Iran Rejects Reports It Plans to Scale Nuclear Program Back
Iran, which has the world's second- largest oil and natural gas reserves, said it is pressing ahead with its nuclear program, rejecting reports that it plans to scale the plan back.
Iran is pursuing its enrichment activities ``within the framework of the International Atomic Energy Agency'' and for energy purposes, Iran's Foreign Ministry spokesman Hamid Reza Asefi said. ``Halting or stopping enrichment is not on the agenda.''
Chinese, French, German, Russian, U.K. and U.S. diplomats will meet Thursday in Vienna to discuss a package of incentives for Iran to suspend its nuclear work, said a diplomat from one of the participating countries, who was briefed on the meeting. The group will also talk about possible penalties for Iran if it doesn't stop the enrichment, said the diplomat, who declined to be named because the meeting isn't public.
Iran has slowed down its nuclear drive in what may be an attempt to create opening toward the West, the New York Times reported yesterday, citing unnamed diplomats. The Iranians stopped pouring a raw form of uranium into centrifuges 12 days after announcing they had successfully enriched uranium, the diplomats said, according to the Times. The enrichment process purifies uranium for use as a reactor fuel or in a weapon. READ MORE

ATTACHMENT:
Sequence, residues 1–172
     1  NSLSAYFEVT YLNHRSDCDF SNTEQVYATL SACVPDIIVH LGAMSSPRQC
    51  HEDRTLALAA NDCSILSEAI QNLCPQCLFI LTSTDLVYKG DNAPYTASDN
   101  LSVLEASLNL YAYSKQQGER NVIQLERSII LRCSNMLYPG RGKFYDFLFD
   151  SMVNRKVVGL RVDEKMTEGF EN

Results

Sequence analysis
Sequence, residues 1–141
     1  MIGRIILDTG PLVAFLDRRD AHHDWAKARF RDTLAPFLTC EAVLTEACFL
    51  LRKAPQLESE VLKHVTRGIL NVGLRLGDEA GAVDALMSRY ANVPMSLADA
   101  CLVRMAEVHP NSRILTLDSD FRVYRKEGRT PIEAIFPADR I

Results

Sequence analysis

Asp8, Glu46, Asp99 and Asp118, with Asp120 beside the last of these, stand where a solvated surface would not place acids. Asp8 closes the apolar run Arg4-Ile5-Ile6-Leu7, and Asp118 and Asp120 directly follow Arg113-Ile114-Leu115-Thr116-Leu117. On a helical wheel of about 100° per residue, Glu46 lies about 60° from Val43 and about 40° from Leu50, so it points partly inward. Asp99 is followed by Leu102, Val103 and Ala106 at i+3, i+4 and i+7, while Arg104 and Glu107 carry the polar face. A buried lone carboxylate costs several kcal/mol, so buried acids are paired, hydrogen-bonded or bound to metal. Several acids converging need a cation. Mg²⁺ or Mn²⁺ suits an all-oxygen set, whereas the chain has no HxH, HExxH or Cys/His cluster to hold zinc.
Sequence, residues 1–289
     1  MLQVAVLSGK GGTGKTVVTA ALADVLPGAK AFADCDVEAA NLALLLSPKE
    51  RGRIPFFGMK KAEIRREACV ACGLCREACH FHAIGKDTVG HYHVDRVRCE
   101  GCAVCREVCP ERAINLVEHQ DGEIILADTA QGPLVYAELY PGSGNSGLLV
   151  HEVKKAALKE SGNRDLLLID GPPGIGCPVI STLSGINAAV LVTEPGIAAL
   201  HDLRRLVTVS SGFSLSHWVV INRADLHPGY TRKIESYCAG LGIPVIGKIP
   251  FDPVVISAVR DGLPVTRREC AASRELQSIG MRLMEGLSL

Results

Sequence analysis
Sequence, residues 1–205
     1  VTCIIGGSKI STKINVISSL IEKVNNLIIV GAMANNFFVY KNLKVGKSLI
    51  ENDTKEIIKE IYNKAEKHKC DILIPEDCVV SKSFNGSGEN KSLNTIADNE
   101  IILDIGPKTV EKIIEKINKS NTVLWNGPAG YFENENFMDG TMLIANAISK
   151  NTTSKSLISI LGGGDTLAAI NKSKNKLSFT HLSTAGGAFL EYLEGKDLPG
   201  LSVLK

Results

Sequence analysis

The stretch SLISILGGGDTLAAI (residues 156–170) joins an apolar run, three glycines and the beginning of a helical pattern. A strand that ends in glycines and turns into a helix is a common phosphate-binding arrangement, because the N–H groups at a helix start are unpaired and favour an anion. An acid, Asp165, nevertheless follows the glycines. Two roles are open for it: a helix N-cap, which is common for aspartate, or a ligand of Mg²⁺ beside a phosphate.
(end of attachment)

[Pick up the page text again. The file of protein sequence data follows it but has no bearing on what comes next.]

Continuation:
While rejecting such reports and insisting on the country's right to enrichment, Asefi said Iran would study the forthcoming European proposal. ``Europe has to make the offer and we will study and see how we can follow up on the basis of it,'' Asefi told reporters.
Iran ignored an April 28 non-binding deadline by the United Nations Security Council to suspend uranium enrichment claiming it is entitled to carry out the process under the Treaty on the Non-Proliferation of Nuclear Weapons, to which it is a signatory.